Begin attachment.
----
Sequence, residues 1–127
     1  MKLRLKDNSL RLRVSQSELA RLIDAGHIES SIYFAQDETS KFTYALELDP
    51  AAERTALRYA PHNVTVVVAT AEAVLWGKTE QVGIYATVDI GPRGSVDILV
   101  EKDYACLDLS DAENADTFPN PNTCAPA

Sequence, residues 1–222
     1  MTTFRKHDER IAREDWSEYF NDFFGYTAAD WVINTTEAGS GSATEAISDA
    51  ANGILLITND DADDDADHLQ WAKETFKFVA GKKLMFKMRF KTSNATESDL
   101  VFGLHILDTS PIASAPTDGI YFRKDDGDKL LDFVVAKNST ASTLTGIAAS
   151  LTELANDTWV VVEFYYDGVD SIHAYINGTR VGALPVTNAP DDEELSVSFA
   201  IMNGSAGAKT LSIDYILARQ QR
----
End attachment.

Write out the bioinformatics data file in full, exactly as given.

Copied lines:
Sequence, residues 1–127
     1  MKLRLKDNSL RLRVSQSELA RLIDAGHIES SIYFAQDETS KFTYALELDP
    51  AAERTALRYA PHNVTVVVAT AEAVLWGKTE QVGIYATVDI GPRGSVDILV
   101  EKDYACLDLS DAENADTFPN PNTCAPA

Sequence, residues 1–222
     1  MTTFRKHDER IAREDWSEYF NDFFGYTAAD WVINTTEAGS GSATEAISDA
    51  ANGILLITND DADDDADHLQ WAKETFKFVA GKKLMFKMRF KTSNATESDL
   101  VFGLHILDTS PIASAPTDGI YFRKDDGDKL LDFVVAKNST ASTLTGIAAS
   151  LTELANDTWV VVEFYYDGVD SIHAYINGTR VGALPVTNAP DDEELSVSFA
   201  IMNGSAGAKT LSIDYILARQ QR